University supports local business to tackle modern slavery
It is estimated that there are tens of thousands of victims of modern slavery in the UK. Sadly, modern slavery is a growing issue and we know it is happening in Northamptonshire. Businesses from across the county recently came together to debate the issue at a specialist workshop run in partnership by the University of Northampton Industry Led Forum, ACS Recruitment and the Office of the Police, Fire and Crime Commissioner. The clear message from local business, they won’t tolerate the exploitation of vulnerable people.
Modern Slavery is where someone is held in position of slavery, servitude forced or compulsory labour, or trafficking through facilitating their travel with the intention of exploiting them.
Paul Fell, Director of Delivery for the Office of the Northamptonshire Police, Fire and Crime Commissioner said: “It is hard to believe that people are being trafficked and made to work for others as modern-day slaves in this county – but they are, Northamptonshire Police and the Commissioner’s office is committed to raising awareness of this dreadful crime with our business community, and working together we can help to prevent and disrupt the activities of the criminal gangs involved.”
Jessica Ritchie, Lecturer in Criminology & Criminal Justice Studies, who attended the event said: “There are a number of indicators which recruiters and employers can watch to help identity protentional victims. Often victims have only recently arrived in the UK, and are struggling with language barriers – typically these potential victims may have a third party ‘assisting’ them with completion of forms for work, or someone else providing their identity documents, or you’ll find your HR functions is provided with document which might not match their identification/listed age.
“Victims may not know police can assist them and may and not know their employment rights. Recruiters and employers need to take a proactive role in assisting people with understanding their employment contract, terms and conditions, and rights to help in the potential identification of victims. It is important to keep in mind that victims can be any age, gender, nationality, ethnicity and may be subject to more than one form of slavery or exploitation – and they cannot consent to be a victim of slavery, exploitation, or trafficking.”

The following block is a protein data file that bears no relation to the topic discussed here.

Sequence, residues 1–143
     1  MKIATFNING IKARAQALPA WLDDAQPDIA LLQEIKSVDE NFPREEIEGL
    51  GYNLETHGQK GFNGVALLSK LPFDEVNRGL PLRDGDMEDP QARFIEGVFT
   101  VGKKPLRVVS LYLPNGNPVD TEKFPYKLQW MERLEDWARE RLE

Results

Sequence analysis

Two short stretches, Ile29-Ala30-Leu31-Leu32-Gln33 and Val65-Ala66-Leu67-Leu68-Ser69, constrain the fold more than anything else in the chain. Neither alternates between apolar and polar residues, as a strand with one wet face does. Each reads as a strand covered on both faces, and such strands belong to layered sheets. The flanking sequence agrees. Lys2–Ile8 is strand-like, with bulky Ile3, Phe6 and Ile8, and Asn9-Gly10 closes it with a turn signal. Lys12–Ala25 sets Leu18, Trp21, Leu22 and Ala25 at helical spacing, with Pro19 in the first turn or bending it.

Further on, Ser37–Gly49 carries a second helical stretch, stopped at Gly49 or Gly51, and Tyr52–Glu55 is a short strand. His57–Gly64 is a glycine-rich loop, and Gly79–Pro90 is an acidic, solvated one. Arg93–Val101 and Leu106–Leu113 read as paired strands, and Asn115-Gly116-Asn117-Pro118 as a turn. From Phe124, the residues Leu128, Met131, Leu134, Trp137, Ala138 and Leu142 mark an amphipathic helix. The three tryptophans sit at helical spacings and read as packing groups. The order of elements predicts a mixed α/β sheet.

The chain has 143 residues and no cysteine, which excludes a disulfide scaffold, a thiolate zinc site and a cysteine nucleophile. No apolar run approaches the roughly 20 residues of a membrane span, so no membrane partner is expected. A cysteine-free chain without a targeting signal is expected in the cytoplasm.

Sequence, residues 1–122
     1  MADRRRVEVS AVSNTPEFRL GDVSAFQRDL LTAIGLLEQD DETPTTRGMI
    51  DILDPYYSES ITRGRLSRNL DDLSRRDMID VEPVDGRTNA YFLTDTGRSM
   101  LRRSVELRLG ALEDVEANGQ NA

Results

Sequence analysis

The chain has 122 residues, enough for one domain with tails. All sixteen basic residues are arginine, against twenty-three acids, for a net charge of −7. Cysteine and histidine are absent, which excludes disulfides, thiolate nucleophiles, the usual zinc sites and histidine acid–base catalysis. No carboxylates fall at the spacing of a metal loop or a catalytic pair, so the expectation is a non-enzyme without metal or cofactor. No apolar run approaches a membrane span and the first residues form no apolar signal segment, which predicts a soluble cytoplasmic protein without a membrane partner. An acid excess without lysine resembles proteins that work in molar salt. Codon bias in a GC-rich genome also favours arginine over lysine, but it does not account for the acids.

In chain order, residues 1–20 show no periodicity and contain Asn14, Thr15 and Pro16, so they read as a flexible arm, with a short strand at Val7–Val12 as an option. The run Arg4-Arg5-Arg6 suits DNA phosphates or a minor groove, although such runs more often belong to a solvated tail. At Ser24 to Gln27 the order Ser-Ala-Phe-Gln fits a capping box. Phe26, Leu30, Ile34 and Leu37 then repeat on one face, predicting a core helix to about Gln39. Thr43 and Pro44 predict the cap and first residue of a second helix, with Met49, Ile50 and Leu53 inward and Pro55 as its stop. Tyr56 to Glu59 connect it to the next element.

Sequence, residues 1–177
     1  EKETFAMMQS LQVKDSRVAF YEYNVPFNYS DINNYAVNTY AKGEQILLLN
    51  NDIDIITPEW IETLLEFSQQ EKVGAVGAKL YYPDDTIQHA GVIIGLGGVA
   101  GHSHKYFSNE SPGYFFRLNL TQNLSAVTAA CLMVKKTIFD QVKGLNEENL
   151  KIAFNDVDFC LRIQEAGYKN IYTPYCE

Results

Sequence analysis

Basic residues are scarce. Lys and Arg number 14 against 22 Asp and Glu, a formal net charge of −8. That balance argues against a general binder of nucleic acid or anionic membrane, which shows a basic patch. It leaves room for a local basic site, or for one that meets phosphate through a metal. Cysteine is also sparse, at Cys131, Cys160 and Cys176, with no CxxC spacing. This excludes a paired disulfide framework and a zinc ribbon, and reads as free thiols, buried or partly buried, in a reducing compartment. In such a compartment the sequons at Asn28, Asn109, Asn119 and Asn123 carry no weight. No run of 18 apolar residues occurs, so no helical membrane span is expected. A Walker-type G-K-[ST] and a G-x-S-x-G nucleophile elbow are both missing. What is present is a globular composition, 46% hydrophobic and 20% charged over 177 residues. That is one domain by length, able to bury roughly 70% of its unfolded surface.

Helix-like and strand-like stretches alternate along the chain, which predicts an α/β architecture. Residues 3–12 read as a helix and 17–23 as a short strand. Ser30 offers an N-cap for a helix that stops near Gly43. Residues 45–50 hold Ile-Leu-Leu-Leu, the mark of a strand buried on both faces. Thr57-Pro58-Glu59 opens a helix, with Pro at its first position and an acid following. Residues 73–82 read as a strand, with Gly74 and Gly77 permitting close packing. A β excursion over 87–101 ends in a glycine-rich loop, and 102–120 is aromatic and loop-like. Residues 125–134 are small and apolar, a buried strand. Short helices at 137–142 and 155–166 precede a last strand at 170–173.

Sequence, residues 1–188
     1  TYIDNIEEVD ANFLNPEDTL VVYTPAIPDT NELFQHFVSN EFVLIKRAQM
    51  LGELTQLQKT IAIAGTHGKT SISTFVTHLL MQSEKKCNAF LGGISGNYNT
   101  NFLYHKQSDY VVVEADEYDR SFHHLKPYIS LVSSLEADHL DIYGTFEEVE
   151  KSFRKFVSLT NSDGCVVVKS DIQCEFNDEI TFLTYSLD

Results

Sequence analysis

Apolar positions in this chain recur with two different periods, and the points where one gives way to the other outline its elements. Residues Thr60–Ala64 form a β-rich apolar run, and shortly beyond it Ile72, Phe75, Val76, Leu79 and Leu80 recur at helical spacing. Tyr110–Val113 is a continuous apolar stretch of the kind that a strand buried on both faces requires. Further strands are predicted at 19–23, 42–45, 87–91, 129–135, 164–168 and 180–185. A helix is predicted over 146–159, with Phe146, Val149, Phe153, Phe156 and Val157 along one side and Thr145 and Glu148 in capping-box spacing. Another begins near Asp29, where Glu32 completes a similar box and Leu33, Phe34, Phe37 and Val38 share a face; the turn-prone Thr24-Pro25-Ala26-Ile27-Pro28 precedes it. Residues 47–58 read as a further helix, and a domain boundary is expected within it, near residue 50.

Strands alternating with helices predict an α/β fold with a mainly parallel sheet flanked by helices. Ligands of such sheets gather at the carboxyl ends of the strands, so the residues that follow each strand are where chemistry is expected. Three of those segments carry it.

Charlotte Patrick, Key Sector and Knowledge Transfer Manager at the University of Northampton’s Research and Innovation Funding Support team, who organised the event said: “The Northamptonshire Business Community is very active and the Forums hosted by the University are a great place to tap into sector knowledge and best practice, it’s also a place where business can creatively problem solve together.
“Joining together with Northamptonshire Police and ACS Recruitment to help businesses understand modern slavery, and how best they can use their business practices to help identify people at risk and support police to tackle such practices was a valuable exercise, one which our Forum members were pleased to have had the opportunity to take part in. The University and the Forum members are committed to making our country an inhospitable place for criminals who think they can take advantage of vulnerable people.”
If you’re concerned that someone might be being exploited, assistance can be obtained for employers, victims, the public through the Modern Slavery Helpline: 0800 121 700 or by calling Crimestoppers: 0800 555 111.
The Northamptonshire Industry Led Forums, which are powered by the University of Northampton’s Research and Innovation Funding Support team, brings together Northamptonshire business to debate and share best practice when it comes to doing business, and doing it well. If you’re a business based in Northamptonshire, and are interested in ways to and protect against emerging crime trends, then register for the upcoming CyberCrime event on 18 October.
For more details of the Forum, how to join or future events, please email email@example.com